The Direction that Zune is Taking Microsoft
There have been a few instances in which Microsoft used its buying and development power to bring the company to a market in which it has not been before.Â Many people have criticized the Zune asÂ not being replaceableÂ to the iPod and believes it will flop.Â My instinct was to believe that the Zune is one of the best products released by Microsoft.Â The more I looked on blogs and on Digg, the more I found negative press about the Zune until I ran into a BusinessWeek article that seems to have shared my belief about the direction that the Zune is taking Microsoft.
Before I continue about the Zune, I’d like to remind you about the 1998 acquisition that Microsoft made of Sabeer Bhatia’s Hotmail.com and what it did for Microsoft.Â Some people list Hotmail as being part of the top 10 worst Internet acquisitions to take place, but HipMojo placed this acquisition as one of the top 10 Internet acquisitions to take place.
HipMojo states, “$400M is a lot of money to pay for any company, let alone a free email service firm, especially when Yahoo! had acquired Four11 for $92 million previously.Â But, Yahoo! was an Internet company, Microsoft was a software company who thanks to their visionary founder missed out on the Webâ€™s first hoorah.Â So it viewed acquiring Hotmail for $400M as it cost of admission for its late entry online.”Â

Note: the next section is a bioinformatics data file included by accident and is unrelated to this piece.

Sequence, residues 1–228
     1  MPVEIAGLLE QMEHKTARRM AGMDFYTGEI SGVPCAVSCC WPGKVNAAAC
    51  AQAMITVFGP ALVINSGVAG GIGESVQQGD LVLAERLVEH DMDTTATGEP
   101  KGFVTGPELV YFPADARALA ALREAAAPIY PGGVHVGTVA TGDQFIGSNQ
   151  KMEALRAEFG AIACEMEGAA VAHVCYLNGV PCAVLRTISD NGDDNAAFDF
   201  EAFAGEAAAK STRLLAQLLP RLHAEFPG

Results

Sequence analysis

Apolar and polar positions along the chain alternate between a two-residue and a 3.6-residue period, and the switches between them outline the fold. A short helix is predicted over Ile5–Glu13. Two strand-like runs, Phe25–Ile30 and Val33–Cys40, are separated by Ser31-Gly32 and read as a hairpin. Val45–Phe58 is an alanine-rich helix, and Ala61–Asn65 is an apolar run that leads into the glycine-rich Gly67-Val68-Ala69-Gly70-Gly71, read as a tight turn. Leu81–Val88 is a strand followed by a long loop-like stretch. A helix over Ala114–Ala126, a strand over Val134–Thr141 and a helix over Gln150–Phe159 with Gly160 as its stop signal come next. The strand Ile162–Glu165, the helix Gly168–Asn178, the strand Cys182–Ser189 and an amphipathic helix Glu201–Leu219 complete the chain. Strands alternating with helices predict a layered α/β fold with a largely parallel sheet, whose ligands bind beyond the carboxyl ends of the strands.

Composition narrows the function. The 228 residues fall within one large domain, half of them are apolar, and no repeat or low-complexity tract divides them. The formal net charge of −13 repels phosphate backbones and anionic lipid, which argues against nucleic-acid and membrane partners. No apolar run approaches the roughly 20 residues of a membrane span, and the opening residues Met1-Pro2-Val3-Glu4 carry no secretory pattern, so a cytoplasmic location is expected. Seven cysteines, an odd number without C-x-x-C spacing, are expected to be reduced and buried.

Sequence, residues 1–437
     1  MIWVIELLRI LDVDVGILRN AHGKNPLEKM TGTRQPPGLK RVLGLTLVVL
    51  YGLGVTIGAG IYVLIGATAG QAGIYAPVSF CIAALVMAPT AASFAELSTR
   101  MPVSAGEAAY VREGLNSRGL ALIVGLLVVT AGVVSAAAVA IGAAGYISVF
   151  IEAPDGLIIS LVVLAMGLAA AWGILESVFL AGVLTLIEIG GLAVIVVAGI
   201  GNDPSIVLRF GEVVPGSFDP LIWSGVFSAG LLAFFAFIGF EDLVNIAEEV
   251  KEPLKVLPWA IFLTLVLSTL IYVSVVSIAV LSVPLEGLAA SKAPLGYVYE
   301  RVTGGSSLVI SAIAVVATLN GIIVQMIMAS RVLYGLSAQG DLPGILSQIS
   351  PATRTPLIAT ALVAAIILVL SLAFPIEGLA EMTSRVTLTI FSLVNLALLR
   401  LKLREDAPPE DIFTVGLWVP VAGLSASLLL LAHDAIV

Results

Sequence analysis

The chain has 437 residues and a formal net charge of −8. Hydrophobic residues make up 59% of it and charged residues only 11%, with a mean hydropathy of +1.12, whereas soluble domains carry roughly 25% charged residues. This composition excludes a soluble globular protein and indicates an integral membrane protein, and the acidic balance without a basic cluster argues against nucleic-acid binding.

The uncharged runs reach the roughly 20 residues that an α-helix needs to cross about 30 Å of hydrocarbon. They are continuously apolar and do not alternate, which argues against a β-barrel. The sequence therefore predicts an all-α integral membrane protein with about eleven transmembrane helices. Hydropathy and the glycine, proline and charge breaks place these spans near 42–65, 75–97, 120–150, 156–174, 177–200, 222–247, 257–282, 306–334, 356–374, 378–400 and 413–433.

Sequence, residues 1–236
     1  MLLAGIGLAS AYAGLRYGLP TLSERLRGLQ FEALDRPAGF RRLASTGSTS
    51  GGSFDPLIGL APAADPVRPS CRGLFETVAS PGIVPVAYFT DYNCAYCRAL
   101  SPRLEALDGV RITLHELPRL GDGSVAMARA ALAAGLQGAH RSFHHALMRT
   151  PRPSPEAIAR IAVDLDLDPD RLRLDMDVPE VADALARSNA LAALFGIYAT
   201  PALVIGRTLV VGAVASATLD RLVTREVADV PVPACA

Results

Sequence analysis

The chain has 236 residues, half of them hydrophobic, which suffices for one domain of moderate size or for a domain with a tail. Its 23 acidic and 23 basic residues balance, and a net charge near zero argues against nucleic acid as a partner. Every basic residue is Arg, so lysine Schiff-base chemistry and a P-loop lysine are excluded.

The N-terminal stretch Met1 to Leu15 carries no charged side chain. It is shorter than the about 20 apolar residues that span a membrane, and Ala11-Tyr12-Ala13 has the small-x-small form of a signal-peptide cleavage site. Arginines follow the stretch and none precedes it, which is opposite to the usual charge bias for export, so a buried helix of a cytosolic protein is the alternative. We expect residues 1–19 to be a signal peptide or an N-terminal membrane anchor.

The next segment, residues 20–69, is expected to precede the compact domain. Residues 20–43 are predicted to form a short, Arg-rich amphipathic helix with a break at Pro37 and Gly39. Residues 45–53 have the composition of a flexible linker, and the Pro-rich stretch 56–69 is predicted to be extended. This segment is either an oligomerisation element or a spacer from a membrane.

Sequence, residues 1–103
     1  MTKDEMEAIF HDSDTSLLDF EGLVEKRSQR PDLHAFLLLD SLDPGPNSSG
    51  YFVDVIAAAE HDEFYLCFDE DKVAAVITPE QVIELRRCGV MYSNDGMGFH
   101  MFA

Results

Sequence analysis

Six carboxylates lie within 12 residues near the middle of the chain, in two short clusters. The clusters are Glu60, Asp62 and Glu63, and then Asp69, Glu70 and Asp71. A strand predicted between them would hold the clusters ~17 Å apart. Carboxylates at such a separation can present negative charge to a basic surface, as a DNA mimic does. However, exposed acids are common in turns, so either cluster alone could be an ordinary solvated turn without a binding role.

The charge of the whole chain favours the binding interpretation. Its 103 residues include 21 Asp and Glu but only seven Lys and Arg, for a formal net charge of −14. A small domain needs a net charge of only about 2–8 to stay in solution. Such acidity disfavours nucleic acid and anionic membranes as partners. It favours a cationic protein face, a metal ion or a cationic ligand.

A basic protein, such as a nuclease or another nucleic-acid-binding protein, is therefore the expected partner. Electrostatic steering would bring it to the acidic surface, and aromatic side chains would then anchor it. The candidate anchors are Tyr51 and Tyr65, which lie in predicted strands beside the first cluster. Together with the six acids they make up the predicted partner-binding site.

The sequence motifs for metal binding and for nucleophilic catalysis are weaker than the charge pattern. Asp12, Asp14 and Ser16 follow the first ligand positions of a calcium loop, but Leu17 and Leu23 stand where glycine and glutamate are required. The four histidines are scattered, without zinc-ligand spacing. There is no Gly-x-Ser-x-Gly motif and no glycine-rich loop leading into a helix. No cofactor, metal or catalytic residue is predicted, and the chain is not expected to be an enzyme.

Microsoft clearly has the buying power to penetrate markets that differ highly from their core competency.Â This is what the Zune is doing for Microsoft.Â Â It is bringing Microsoft into a market that Apple has been dominating for the last couple of years.Â In 2005 alone, Apple sold more thanÂ 30 million iPods.Â Â The Zune is just chiselling away at the iPod’s market in which they have held a monopoly for the past couple years.
BusinessWeek had reported that at 3:32PM on Oct. 19, Microsoft’s J Allard sent an e-mail to the 230 Microsoft employees working on the Zune with a link to a video on YouTube of Steve Jobs from 1996 stating: “The only problem with Microsoft is they just have no taste.Â They have absolutely no taste and what that means is- and I don’t mean that in a small way, I mean that in a big way.Â In the sense that… In the sense, they… they don’t think of original ideas and they don’t bring much culture into their product.”
“I for one…want to see this guy eat his words,” Allard stated in response to the video. “Those are fighting words. He is speaking to every one of us and saying that we don’t get it.”Â On November 14, the Zune was officially placed on the shelves and its development began 8 months prior.
Another market penetration strategy posed by Microsoft includes the Xbox.Â The Zune is expected to a followÂ a similar path.Â A minor setback of criticism followed by new releases that may begin to dominate the market.